The November meeting of the State Board of Education featured presentations on efforts to make New Jersey schools “green,” updates on the state-operated district of Newark, and on PARCC. The State Board also adopted amended regulations on teacher preparation and certification.
Schools Going Green
Dr. Lawrence S. Feinsod, NJSBA executive director spoke about the Association’s efforts to advance the greening of schools in New Jersey, including the role it has played in Sustainable Jersey for Schools (see related story in this issue of School Board Notes). He also noted that local boards of education have saved some $166 million through NJSBA’s energy aggregation program, ACES. A copy of his presentation is available here.
Dr. Jim Elder, the creator of the national Green Ribbon Schools program, told the State Board that 3,000 to 5,000 schools across the country in 40 states identify as green schools. Goals of the green school program include ensuring that 100 percent of graduates are environmentally literate; creating a positive impact on student and staff health; minimizing any negative impact that school operations might have on environment. Scott McCartney, chief school administrator for Egg Harbor Township schools shared information on that district’s efforts as a Sustainable Jersey for Schools participant to become Styrofoam-free, eliminate plastic water bottles and support student gardens in the schools.
The State Board also received a report on progress in the Newark school district over the past year. The graduation rate is up, with 70 percent of students graduating in 2015. The suspension rate is going down. Teacher retention and professional development is increasing. Newark has helped to develop a masters’ program centered around the Common Core. If teachers successfully complete the program, they become eligible for bonuses. Newark has also increased its investment in technology with the purchase of 11,000 Chromebooks and 12,000 Smart Boards for use in the district, becoming a leader in integrating technology into the curriculum. Superintendent Chris Cerf also spoke of the fiscal challenges facing the district, including a persistent budget gap of $13 million. Contributing factors to this budget gap include rising enrollment at a time when state aid remains flat, while costs such as facilities, among others, remain high. Cerf also spoke to the challenge of budgeting while meeting the parents’ demand for more school choice.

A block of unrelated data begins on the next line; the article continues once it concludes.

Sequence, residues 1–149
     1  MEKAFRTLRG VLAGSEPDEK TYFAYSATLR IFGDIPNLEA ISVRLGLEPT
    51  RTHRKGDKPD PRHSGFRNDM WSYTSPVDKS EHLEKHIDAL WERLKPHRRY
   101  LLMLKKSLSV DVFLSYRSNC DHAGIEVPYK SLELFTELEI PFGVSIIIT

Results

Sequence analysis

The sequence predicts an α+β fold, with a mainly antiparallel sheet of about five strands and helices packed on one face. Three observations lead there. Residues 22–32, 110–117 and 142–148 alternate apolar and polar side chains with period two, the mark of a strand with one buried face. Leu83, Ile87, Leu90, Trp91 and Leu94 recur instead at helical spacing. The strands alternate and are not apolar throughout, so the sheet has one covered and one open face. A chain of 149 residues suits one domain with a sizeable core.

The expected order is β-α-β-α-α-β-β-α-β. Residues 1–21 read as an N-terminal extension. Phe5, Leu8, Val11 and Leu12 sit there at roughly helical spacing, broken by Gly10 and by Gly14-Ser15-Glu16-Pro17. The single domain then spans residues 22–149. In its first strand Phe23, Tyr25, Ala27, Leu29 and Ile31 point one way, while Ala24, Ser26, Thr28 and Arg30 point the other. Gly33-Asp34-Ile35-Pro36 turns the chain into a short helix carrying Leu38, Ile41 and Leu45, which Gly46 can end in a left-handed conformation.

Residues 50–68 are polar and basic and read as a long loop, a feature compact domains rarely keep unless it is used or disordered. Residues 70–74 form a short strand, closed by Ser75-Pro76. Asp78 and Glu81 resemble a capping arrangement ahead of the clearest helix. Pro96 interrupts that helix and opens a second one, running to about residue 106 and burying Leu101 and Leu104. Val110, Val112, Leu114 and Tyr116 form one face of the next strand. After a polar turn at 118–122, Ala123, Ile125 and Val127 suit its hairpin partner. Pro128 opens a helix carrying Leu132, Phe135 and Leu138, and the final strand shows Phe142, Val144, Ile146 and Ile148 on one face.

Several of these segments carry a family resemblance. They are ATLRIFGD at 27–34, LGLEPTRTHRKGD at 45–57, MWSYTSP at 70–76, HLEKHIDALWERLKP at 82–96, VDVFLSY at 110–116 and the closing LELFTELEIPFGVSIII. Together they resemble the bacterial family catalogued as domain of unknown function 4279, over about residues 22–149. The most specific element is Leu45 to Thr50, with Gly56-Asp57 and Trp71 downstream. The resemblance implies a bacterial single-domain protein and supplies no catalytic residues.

Assistant Commissioner Bari Erlichson provide the board with updates concerning the department’s PARCC efforts. Dr. Erlichson spoke about the PARCC results for the first year of the test. Her presentation included a discussion of the efforts to create cutoff scores for each of the performance levels in PARCC, a release of test questions so that parents and teachers could know with greater precision the questions that students had to answer, and a release of statewide results for NJ students. Erlichson also spoke about professional development efforts related to the PARCC. (See related article in this issue of School Board Notes.)
The department also continued its efforts to increase the rigor of New Jersey’s educator preparation programs, certification requirements and professional development. Among the most significant changes to these regulations is a requirement that increases the amount of clinical experience that pre-service teachers need to have before achieving standard certification. Pre-service teachers will need 50 hours of clinical experience and two semesters of clinical practice in order to achieve certification.